Stand Your Ground Foes Hope New Florida Trial Will Prompt More Opposition


Nearly seven months after a jury acquitted George Zimmerman, whose shooting of Trayvon Martin made him synonymous with Florida's Stand Your Ground law, the state's latest drama involving a fatal burst of gunfire and a claim of self-defense began to play out yesterday in a Jacksonville courtroom, the New York Times reports. While race is woven into the background of the murder trial of Michael Dunn, 47, a white software developer who said he killed Jordan Davis, a black teenager, in a 2012 confrontation about loud music, the trial appears likely to focus less on race and more on the mechanics of Florida's self-defense laws and how juries apply them.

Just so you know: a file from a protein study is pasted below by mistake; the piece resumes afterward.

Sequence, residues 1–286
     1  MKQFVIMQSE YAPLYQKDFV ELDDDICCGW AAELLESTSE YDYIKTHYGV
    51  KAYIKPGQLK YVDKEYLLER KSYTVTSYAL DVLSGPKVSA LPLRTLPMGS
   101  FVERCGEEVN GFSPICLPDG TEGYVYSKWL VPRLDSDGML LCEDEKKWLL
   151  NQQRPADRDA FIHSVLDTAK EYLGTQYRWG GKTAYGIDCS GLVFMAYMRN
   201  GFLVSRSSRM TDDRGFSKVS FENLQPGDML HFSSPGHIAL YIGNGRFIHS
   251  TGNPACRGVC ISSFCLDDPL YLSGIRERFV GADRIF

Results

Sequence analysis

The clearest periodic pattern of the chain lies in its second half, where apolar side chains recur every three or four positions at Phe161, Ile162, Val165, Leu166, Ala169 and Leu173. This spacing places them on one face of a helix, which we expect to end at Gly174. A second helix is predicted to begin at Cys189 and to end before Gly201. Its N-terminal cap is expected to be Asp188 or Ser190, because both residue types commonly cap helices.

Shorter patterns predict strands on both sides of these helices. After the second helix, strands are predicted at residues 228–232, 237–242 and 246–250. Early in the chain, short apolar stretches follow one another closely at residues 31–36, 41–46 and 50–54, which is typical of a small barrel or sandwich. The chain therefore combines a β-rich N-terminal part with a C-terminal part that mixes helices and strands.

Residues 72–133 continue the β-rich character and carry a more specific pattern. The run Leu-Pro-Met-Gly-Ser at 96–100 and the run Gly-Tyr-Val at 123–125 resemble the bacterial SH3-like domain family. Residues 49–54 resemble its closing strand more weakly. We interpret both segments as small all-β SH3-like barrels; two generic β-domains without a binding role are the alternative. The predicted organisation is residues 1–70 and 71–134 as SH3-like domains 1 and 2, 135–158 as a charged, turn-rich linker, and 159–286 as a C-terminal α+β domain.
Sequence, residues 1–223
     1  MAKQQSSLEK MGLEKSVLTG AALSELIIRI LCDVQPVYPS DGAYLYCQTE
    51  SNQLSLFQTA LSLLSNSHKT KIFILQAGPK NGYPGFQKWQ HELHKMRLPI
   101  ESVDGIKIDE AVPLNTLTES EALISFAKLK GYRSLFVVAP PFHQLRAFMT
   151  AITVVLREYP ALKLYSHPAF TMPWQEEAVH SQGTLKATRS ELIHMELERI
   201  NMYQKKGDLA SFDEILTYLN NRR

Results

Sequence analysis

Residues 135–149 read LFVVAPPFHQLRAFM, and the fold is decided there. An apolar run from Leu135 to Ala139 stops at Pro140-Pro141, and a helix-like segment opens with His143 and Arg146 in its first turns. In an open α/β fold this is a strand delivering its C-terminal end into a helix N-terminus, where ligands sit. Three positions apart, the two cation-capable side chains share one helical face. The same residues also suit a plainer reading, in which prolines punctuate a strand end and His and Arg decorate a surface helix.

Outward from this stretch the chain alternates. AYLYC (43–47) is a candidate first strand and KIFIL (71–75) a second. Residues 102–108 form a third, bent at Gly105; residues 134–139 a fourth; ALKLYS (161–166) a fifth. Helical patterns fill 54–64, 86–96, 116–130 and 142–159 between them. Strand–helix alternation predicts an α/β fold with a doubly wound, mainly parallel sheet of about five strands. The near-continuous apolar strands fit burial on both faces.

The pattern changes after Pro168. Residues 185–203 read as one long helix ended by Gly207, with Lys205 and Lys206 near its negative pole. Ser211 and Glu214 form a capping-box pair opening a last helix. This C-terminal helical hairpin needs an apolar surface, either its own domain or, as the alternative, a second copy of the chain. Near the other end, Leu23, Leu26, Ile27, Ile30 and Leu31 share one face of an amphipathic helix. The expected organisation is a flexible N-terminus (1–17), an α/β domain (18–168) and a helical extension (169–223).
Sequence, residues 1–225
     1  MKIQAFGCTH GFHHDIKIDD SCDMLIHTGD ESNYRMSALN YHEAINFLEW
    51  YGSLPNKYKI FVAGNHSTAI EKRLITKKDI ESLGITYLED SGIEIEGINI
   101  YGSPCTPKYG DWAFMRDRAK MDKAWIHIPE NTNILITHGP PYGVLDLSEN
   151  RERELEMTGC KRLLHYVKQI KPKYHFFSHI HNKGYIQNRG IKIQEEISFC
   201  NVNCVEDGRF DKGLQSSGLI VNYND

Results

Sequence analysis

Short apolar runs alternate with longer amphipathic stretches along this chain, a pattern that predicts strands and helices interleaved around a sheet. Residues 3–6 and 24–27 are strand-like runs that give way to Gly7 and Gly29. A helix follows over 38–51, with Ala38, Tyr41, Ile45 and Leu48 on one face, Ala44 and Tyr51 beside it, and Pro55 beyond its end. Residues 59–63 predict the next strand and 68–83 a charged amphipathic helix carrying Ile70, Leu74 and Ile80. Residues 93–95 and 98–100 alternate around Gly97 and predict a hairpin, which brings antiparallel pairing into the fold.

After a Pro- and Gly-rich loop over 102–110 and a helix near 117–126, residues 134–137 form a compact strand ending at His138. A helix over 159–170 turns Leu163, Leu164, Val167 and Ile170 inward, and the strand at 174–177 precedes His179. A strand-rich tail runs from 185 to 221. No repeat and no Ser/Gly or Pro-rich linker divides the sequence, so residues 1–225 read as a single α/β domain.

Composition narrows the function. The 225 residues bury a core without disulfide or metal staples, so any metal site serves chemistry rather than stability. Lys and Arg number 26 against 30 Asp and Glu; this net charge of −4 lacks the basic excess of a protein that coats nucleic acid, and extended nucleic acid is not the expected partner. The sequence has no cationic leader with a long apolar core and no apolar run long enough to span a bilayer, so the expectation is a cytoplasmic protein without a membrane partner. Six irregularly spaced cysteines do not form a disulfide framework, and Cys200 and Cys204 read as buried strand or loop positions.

A prosecutor and a defense lawyer yesterday presented divergent theories about the motive for what took place at a convenience store. Prosecutor John Guy, part of the team that prosecuted Zimmerman, portrayed Dunn as “fueled by anger and intent” after hearing what he described to his fiancée as “thug music.” Cory Strolla, Dunn's lawyer, said Dunn had been compelled to act and pulled a handgun from the glove compartment of his car only after he felt endangered. “Jordan Davis threatened Michael Dunn,” Strolla told jurors. The only certain outcome of the trial is that it will call new attention to Florida's laws protecting those involved in shootings who claim self-defense. Opponents of those protections predicted that Dunn's trial would allow for a deeper exploration of self-defense laws with fewer distractions tied to race.

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